Stephanie Mencimer

Stephanie Mencimer is a reporter in Mother Jones‘ Washington bureau. Her first book, Blocking the Courthouse Door: How the Republican Party and Its Corporate Allies Are Taking Away Your Right to Sue, was published in 2006. She has worked as an investigative reporter at the Washington Post, a senior writer at the Washington City Paper, and a staff writer for Legal Times. She has written for The New York TimesThe New RepublicLegal AffairsThe American ProspectMother Jones and other national publications. In 2004, she was nominated for a National Magazine Award in the public service category for her Washington Monthly article on medical malpractice politics. In 2000 Mencimer won the Harry Chapin media award for reporting on hunger and poverty. She was an editor at the Washington Monthly from 2000 to 2002.


The Courts

here are few areas of public policy where the impact of the presidential election will be quite as stark as the makeup of the U.S. Supreme Court. The next president could potentially appoint two or three new justices in a single term, giving the winning candidate the opportunity to radically reshape the Court for a… Read more »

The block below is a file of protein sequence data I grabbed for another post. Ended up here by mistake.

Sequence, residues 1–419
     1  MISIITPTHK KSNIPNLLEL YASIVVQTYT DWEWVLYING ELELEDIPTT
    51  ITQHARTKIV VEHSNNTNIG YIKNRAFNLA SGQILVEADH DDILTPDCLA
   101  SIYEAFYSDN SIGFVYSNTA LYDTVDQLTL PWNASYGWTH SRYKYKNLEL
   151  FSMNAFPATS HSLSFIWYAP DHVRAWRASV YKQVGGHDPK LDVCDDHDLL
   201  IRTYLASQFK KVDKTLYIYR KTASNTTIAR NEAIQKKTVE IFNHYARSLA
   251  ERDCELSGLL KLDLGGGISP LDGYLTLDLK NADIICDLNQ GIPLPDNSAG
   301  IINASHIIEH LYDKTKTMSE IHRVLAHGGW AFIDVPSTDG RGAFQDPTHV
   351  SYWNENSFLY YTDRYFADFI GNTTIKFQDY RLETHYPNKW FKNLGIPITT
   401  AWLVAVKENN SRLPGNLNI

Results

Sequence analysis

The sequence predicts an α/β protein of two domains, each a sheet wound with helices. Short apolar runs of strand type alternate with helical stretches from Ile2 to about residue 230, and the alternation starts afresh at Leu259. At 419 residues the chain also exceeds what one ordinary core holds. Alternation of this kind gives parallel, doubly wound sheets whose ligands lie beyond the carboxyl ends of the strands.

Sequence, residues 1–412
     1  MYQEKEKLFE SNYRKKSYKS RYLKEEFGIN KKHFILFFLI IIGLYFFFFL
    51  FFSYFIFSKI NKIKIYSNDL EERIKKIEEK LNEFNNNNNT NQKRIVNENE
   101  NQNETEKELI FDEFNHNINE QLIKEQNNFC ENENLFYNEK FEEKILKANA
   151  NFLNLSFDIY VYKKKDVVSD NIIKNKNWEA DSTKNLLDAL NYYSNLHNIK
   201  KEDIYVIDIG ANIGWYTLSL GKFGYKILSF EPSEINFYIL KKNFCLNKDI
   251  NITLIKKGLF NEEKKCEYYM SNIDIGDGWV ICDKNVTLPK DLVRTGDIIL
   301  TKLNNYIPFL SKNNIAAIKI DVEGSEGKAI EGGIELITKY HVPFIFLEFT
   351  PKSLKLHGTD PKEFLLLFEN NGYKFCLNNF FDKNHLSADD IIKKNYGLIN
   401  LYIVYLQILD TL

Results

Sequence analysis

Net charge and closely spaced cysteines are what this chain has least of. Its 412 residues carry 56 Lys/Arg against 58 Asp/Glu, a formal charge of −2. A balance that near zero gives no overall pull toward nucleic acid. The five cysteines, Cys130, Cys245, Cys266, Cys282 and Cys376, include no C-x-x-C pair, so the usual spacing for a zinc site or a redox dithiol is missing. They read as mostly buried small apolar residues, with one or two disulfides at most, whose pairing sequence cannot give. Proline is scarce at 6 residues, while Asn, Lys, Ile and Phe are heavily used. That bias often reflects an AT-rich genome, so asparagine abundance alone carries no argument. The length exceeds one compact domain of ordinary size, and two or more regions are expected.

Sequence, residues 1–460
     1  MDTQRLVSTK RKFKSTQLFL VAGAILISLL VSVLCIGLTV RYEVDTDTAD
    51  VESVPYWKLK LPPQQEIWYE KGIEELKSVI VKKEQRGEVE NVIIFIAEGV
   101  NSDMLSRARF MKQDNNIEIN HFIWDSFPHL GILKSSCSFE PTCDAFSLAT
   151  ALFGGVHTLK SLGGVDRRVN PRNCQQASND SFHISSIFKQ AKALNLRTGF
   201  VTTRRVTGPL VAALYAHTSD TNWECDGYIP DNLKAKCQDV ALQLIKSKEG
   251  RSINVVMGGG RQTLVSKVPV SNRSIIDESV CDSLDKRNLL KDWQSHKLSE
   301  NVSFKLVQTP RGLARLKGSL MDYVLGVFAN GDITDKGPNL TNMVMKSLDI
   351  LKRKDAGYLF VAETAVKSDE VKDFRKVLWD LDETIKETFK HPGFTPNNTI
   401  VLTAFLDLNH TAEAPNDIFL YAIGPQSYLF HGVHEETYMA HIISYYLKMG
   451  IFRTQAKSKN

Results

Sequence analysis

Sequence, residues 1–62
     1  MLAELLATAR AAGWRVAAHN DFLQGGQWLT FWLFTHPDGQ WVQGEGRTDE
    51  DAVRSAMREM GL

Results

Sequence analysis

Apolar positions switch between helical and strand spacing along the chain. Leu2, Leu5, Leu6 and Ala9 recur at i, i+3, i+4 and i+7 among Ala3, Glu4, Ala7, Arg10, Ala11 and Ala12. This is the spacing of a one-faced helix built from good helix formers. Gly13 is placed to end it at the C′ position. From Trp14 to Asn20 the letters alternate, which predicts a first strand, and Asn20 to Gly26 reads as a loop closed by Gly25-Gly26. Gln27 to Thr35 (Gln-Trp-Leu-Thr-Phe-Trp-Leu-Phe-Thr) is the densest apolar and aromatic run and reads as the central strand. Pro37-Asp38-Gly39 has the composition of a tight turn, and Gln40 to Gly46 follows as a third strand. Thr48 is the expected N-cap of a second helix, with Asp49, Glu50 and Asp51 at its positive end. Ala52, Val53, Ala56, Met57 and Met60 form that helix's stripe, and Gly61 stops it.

Objection, Your Honor

or years, authors like Philip K. Howard, Walter Olson, and ABCs John Stossel have churned out books declaring that lawsuits and the liberal lawyers who bring them are driving the country to ruin. They argue that the country is suffering from a collective abandonment of personal responsibility that has resulted in millions of citizens ready… Read more »

Tort Reform, Corporate Style

TORT REFORM, CORPORATE STYLE….After the Sago coal mine disaster killed 12 West Virginia miners last month, the Mine Safety and Health Administration (MSHA) came under widespread criticism for failing to adequately regulate the coal industry and protect mine workers. Critics blamed the Bush administration for stocking the agency with coal industry cronies who wanted a… Read more »

False Alarm

Among others, the story featured a softball tournament organizer, a minister, and a doctor who all claimed to have modified their behavior because they were terrified of lawsuits. Ryan Warner, an insurance salesman in Page, Ariz., told Newsweek that he had recently cancelled an annual charity softball tournament because an injured player had sued the… Read more »